Judge Napolitano on Obamacare, the Courts, and Economics
Writing today at LRC, Mises Institute Distinguished Scholar Judge Napolitano notes:
The law was found constitutional by the Supreme Court only after the chief justice — who acknowledged in his opinion in the case that Congress lacks the authority to compel people to engage in interstate commerce by forcing them to purchase a good they don’t want — changed his mind on the ultimate outcome of the challenge. In order to save the law from imminent constitutional extinction, he created a novel legal theory, and he persuaded the four progressives on the court to join him.
They ruled that the punishment for the failure to obtain the level of health care coverage that the law requires is actually a tax. Then the court ruled that because Congress can constitutionally tax any event, it can tax nonevents (like the failure to purchase health insurance), and so the entire scheme is constitutional because it is really just a tax law.
The Supreme Court, lawyers sometimes say, is infallible because it is final; it is not final because it is infallible. I am a student of the court, and I revere it. It can change the laws of the land, but it can’t change the laws of economics. And so, when Obamacare ordered all insurance carriers in the land to cease offering health care plans that provide insurance coverage below the federally mandated minimum, they naturally began to cancel those plans. And when the new health care exchanges that Obamacare established failed to find coverage for those formerly insured by the substandard plans, those who had these plans and liked them suddenly were told that on Jan. 1, 2014, when Obamacare becomes effective, they will have no health insurance. The old insurance coverage will be illegal, and there is no new coverage for them.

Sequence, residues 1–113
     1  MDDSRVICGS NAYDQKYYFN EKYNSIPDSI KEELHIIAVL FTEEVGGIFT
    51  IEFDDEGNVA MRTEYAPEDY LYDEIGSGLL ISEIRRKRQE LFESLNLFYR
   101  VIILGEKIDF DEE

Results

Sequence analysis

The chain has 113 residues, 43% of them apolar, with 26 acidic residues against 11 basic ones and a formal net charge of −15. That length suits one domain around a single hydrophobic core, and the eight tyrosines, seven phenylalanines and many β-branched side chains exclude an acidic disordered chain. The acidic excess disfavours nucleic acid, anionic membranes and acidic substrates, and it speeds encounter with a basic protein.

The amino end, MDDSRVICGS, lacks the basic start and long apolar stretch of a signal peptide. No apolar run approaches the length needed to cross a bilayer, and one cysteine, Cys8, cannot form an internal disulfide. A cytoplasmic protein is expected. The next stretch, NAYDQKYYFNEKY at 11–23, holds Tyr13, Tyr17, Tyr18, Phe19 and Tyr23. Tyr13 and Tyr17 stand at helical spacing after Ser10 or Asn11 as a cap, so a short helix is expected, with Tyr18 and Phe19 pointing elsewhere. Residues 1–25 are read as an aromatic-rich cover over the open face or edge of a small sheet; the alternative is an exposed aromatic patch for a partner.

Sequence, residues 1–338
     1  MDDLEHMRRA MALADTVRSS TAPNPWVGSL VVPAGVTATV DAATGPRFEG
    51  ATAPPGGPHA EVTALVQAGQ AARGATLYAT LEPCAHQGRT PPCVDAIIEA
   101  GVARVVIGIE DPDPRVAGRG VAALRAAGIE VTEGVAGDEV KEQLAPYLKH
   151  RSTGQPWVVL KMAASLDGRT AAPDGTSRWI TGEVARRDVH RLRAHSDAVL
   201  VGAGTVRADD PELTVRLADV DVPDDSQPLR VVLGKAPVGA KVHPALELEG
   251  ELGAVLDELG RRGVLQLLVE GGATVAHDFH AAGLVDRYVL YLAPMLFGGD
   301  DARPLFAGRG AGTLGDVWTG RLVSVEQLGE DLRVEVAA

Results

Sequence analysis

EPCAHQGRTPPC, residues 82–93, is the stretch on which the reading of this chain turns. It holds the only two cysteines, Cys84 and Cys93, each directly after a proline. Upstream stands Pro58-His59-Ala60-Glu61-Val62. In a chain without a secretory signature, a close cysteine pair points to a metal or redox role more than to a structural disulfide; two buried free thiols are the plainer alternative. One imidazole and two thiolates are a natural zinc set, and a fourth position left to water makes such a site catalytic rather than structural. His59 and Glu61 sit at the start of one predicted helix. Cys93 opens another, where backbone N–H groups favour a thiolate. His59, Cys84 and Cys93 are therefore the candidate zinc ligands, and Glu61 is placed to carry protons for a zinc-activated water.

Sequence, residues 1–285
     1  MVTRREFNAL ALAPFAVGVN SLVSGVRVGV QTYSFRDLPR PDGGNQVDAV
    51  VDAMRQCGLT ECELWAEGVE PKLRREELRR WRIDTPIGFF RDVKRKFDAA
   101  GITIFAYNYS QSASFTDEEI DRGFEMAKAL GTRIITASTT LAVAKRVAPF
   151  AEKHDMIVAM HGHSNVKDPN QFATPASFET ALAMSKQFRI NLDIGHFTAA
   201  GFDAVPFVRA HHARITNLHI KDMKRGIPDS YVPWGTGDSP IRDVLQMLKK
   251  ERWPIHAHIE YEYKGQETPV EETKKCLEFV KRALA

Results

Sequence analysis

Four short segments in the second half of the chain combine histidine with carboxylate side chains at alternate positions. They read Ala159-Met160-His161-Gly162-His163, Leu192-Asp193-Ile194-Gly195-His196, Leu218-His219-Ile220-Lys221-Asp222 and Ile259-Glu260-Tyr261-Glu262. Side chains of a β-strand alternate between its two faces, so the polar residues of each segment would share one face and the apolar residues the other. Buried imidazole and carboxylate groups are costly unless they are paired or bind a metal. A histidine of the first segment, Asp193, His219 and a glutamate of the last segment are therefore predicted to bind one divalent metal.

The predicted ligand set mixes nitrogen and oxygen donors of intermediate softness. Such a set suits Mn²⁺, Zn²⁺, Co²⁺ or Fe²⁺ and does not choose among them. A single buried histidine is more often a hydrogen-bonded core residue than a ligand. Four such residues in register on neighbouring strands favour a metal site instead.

One of the reasons many Americans had their policies canceled this month is the failure of those policies to conform to the new federal minimum requirements. At the heart and soul of Obamacare is the power of bureaucrats to tell everyone what coverage to have. At the core of Obamacare is the removal of individual choice from the decision to purchase health care coverage. The goal of Obamacare is high-end coverage for everyone — brought about by Soviet-style central planning, not in response to free market forces.
From the perspective of the central planners who concocted Obamacare, minimum insurance coverage is the sine qua non of the statute. They want you to pay for coverage you will not need or ever use, so that the insurance carriers will have extra cash on hand to fund coverage for those who cannot afford high-end policies. This is where the laws of economics enter. By forcing all carriers to offer only high-end policies, the statute forced the carriers to raise their rates. By raising rates, the substandard policies — with their lower rates — could no longer be offered. If the government forced everyone to buy a Mercedes, when most are perfectly happy with an Acura, soon the Acuras would disappear from the market and most of us would be walking to work.
Read the whole thing.